Browsing All posts tagged under »alternative hip-hop«

Various Artists – Album Roundup

March 1, 2016

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Abject and lonesome mid-fi folk, that drifts across the field of consciousness like a progession of washed-out, dusty photographs, before it becomes quite heavy and ominous towards the end of the album, and finishes with an unlikely cover of ‘Twerk’. One of Uhlich’s Bandcamp tags is ‘devotional’, and there is a sense of outsider ritual about this music, as though a set of the personal habits that make an individual were reified as doctrine: the songs are about something, certainly, but it feels like Uhlich is singing meaning to himself as much as he is singing meanings to us. Songs unfold at a steady pace, with static or slow …

Various Artists – Album Roundup

September 25, 2014

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Mark Harrison and his very capable band (whose members include the extremely talented duo Josienne Clarke and Ben Walker) play a curiously English take on American roots music. Their stylistic materials mine the cracks between country blues and old time country music, continuing a UK tradition that began with skiffle and was nourished by the likes of Ramblin’ Jack Elliot and the pop-jug-band sounds of Canned Heat. There’s a sense when listening to American performers in such styles, particularly the older ones, that they are singing from beneath a heavy encrustation of …

Various Artists – Album Roundup

March 26, 2014

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In the best tradition of underground music, it’s not entirely clear what Milktoast Music is; probably not a label in the traditional sense. More likely a collective of closely related musical projects, I would imagine. This album includes tracks from four of the six acts listed on their website, with those by Richard Pickman in preponderance, and several credited to the label, which are presumably collaborative efforts. The music is humorous and wantonly bizarre, although also quite accessible, and peppered with science-fiction samples. In style, it echoes the timbres of chiptune, with retro digital synths and …

Various Artists – Album Roundup

November 3, 2013

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This entire album is performed straight to tape (or whatever recording medium was used) on a Roland MC-505 groovebox; Cory Peak chose to use a particular set of simple, rounded timbres that gives it a distinct 8-bit vibe, although the machine is considerably more sophisticated, and a much more powerful synthesiser, than the devices that gave rise to that genre. The point is a similar one, as well: in an era of expanding technological possibilities, where the range of options available to electronic music producers on even the tightest budgets is dauntingly vast, defining a closely constrained set of creative …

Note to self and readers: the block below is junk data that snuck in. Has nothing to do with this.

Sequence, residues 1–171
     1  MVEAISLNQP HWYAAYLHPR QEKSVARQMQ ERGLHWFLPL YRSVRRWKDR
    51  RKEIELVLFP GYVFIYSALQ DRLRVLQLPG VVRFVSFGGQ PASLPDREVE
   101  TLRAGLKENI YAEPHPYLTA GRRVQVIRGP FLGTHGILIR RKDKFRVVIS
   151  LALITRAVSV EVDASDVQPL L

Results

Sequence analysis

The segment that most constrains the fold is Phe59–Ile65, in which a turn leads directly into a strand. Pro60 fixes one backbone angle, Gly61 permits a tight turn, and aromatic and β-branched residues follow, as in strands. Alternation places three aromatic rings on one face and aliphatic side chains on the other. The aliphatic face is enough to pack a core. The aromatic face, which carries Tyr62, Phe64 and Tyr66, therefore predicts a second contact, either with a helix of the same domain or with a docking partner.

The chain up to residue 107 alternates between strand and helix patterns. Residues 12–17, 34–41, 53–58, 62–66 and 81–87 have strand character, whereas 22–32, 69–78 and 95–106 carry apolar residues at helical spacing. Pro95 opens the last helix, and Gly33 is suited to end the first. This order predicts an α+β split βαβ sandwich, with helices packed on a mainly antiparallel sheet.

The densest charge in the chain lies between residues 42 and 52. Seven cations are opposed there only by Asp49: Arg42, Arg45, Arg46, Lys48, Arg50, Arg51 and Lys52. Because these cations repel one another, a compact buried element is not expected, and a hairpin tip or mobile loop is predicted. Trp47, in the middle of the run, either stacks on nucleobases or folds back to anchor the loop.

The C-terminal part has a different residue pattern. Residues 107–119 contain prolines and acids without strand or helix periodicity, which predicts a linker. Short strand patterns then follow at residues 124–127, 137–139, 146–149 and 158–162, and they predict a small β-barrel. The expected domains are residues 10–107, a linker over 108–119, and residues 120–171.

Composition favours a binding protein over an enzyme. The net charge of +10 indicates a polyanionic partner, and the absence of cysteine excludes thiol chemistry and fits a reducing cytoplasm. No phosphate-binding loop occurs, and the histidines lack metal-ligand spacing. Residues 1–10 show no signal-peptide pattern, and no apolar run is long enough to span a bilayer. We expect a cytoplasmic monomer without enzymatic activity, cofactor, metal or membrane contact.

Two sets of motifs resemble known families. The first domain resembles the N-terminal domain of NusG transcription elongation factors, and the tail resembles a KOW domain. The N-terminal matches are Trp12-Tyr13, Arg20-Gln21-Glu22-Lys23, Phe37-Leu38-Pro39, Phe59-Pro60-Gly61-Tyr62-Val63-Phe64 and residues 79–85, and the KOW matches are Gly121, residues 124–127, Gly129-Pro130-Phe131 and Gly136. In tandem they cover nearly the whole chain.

Various Artists – Singles and EPs

September 26, 2013

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Cassette mushes everything up and squeezes it together; on top of the warm, lush distortions naturally imparted by magnetic tape, the whole stereo recording is crammed onto half of a tape less than four millimeters wide. It takes some clever mastering to get a really spacious, clearly separated soundfield, but if what you want is a totally integrated sound then the format does half the work for you. This, you may be thinking, says ‘punk’ in brackets after the title, so why am I not talking about the songs? Production and other technical matters are a means to an end at best where punk’s concerned…

Various Artists – Album Roundup

July 18, 2013

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You’ll hear a lot of familiar echoes in The Executioner’s Lover, but I can more or less promise that you haven’t heard anything quite like it. It opens with a song, ‘Half Life’, that is mainly arranged for ‘orchestral instruments’, but which also incorporates a rock rhythm section, which comes and goes at strategic moments; the song is a melodramatic number, which while it is not a ballad, has a narrative feel to it, like a piece from musical theatre or light opera. This is more or less the course followed by the album as a whole, but within those approximate bounds there is a huge diversity …

Various Artists – Album Roundup

July 8, 2013

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Opening with an extended skit inspired by John Carpenter’s Darkstar, it’s obvious from the start that this Strange Gibberish mixtape is going to be heavy on the humour. It’s also heavy on the creativity and experimentation, with some of the beats straying well into avant-garde territory. It’s far too diverse for me to sum it up here, but the quality is consistently high; this is independent music, in every sense of the term, and most of the producers take a pretty freewheeling, eclectic approach to beat-making, while the lyrical themes are varied and unfettered. Although it’s often …